Skip Navigation

Breathtaking Fun!

The inside of the chest When we are not active, each of us breathes about ten times every minute. Surprisingly, our lungs have no muscles of their own. So, how can they do the work of breathing?

The work is done by muscles in the walls and bottom of the chest. When these muscles tighten, they make the space inside the chest larger. This lets air rush into the lungs. When the muscles relax, the space becomes smaller and air moves out of the lungs. Try to breathe in and out without moving your chest. Is it possible?


Try This!

  Plastic bottle, balloons, and the cut-off bottom of the bottle  You can make a model of the way your lungs work. You will need a medium-sized clear plastic bottle (a dishwashing soap bottle works well), scissors and 2 medium-sized balloons.
  1. Have an adult help you cut off the bottom half of the bottle. the top part of the bottle should be about 6 inches (15 cm) tall.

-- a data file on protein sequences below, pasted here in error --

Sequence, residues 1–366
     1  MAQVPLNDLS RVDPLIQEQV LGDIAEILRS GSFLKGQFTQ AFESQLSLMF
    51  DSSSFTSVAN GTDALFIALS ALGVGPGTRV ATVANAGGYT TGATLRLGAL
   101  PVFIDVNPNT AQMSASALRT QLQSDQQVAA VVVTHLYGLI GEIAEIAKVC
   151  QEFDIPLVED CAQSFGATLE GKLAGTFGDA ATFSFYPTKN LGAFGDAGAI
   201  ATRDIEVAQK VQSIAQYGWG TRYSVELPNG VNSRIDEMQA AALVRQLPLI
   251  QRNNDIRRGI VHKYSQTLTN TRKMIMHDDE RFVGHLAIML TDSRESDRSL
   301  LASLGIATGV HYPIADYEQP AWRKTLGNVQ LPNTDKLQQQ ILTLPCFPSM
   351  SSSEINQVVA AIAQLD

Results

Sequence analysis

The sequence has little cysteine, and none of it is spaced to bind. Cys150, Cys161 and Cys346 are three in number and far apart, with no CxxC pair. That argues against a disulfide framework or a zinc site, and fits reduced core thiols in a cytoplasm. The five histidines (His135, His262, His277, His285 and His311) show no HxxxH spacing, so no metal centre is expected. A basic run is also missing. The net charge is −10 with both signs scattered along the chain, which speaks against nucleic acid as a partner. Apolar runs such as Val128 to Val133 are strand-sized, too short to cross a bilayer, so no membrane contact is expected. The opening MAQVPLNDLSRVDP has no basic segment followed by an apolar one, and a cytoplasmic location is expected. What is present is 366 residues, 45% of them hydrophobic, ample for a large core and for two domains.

2. Slide a balloon into the mouth of the bottle and roll the open end over the top edge of the bottle. This will be the "lung in your model.

  3. Cut off the top of the other balloon. Tie a knot in the bottom of the remaining piece. Slide the cut end around the bottom of the bottle.

  4. Pull the bottom balloon carefully downward. What happens to the "lung" balloon? This is similar to what happens when you breathe in. Gently squeeze the sides of the bottle and push the bottom balloon into the space in the bottle. Now what happens?

Coughing and sneezing help clean out your airways. Can you make your lung model cough or sneeze?


It's In the Air

The grasshopper tips his hat Excuse me please, I've got to sneeze.
I feel it coming on!
Is it the dust in this old house
that makes it feel so strong?
Or maybe pollen from the plants, released in spring and fall?
Or spores produced by all the mold on our damp basement wall?
Or maybe pepper from the can I spilled all over there!
Achoo, achoo, achoo, achoo -- there's something in the air!


Back to Pollution

Back to top